Many emerging markets were in recession last year and are only slowly emerging. Tight financial conditions and flat to inverted yield curves will make the recovery slow and fraught with risks. Global growth will be lower as a result.
The debate on EM economies (and equities) is heating up. Initially this week, we had the financial world equivalent of the pillory with the widely reported closing of a high profile US hedge fund’s EM fund due to heavy losses in 2013. Solemn nodding followed by EM naysayers suggesting that this is truly a sign of the death-knell of EM as an asset class. The stakes are being raised elsewhere too with the media pitting seasoned investment professionals on both sides of the fence in recent weeks.
Investors welcomed the vow made last year by the new Chinese government to reform the economy through a clamp-down on shadow banking and excess liquidity as well as to commit to a strategy of re-balancing the economy. Still, it seems difficult for China to break out of its old ways. Data released this week consequently shows FX reserve growth in China surging towards the end of last year.
In this report we discuss the outlook of the Chinese economy across a number of key parameters: re-balancing the economy, the current account/exchange rate and the risks stemming from rapid credit expansion. The central thrust of our argument is that…
Germany remains the proverbial strong man of Europe, but we are skeptical that this is a fitting moniker. Looking at exports, it is now clear that Germany and thus Europe continues to see weakness. The total value of German exports has now clearly rolled over from its peak in mid-2012, which coincides with the share of total exports going to China.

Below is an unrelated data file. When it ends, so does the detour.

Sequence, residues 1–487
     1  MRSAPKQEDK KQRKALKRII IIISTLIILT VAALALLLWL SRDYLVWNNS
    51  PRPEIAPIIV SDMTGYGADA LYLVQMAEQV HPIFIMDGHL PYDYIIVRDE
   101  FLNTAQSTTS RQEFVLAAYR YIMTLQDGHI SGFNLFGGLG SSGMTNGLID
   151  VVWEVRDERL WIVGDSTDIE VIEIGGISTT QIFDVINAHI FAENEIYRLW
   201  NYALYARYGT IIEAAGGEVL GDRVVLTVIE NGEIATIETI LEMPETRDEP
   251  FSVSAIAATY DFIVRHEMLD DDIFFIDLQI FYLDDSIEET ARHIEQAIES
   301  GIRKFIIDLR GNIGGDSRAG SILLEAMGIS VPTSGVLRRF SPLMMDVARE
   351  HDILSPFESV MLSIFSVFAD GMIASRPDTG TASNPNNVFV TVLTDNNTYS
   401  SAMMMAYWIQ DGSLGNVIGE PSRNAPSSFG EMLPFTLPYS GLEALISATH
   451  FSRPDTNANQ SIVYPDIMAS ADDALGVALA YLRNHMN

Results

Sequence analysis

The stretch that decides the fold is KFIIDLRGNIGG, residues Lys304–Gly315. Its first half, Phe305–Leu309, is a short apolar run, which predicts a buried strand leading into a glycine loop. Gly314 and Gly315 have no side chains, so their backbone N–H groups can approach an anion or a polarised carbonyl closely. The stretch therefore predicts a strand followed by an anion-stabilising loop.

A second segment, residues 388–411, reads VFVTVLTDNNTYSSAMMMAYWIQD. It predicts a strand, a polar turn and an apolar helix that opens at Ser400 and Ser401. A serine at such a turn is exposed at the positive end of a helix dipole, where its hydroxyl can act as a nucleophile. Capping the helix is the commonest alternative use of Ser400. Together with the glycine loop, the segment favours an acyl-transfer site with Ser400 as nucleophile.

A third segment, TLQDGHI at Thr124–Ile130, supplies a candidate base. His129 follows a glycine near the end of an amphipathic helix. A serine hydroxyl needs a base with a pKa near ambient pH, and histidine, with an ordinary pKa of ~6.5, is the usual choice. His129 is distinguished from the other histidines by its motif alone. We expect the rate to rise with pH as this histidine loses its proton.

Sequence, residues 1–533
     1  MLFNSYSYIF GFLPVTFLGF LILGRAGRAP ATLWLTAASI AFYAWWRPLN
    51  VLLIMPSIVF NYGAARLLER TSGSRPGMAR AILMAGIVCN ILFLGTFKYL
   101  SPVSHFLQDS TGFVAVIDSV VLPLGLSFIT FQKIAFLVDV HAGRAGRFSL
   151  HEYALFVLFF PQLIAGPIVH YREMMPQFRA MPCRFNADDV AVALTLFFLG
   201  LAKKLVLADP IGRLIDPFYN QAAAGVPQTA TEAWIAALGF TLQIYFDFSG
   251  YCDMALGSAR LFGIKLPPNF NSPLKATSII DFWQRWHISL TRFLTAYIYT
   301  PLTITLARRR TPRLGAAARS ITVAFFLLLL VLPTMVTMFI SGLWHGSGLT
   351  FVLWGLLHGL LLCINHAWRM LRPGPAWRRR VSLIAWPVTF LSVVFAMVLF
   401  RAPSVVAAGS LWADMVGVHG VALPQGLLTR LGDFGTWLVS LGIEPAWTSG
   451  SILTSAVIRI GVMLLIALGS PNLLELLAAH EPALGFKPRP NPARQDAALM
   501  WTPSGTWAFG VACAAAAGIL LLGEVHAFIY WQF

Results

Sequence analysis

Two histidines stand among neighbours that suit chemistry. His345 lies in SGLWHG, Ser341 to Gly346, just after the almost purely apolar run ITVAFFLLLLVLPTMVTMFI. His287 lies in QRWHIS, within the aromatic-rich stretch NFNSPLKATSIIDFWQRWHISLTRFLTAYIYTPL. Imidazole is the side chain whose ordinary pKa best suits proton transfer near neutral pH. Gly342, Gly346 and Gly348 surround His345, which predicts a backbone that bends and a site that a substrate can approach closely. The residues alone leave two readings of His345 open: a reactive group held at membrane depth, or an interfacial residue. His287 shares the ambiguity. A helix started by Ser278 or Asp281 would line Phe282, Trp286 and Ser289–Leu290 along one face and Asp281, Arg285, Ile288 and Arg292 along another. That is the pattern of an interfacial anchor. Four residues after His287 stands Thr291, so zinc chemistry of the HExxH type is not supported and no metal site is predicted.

Our leading indicator for China has turned down further which adds to the impression of an overall weak turn in Chinese growth. We would still term the turning point as intact, but all components of our leading indicator recently came in with negative readings.
Chinese reserve accumulation has slowed down rapidly. As a result the growth of foreign ownership in US treasuries (USTs) has fallen. The global liquidity pump of Bretton Woods II, in which pegging emerging markets are recycling their increase in foreign exchange reserves into US treasuries in order to keep their currencies stable against the USD, has slowed, but not stopped altogether.
One of the world’s biggest commodity producers, BHP Billiton, recently got a lot of attention by suggesting that the so far insatiable Chinese demand for commodities may have come to an end. The argument is simple enough: the rate of growth in China is slowing. However, the implications for commodity exporters, such as Australia, who have invested dizzying sums of money in expanding capacity to reflect an ever higher increase in Chinese commodity hunger, may be very big indeed.
Following the pattern we have identified in other countries in the region, Ukraine is once more getting itself into a deeper and deeper mess
The market has recently taken relief from the decision by China to lower the reserve requirement ratio (RRR) as well as the signal that it will be the first of a series of cuts. The real story however is that the shift comes in response to a sharp slowdown in both domestic and external demand in the first quarter of 2012 and thus it seems that investors may have taken too much comfort in the strong Q4-11 GDP print.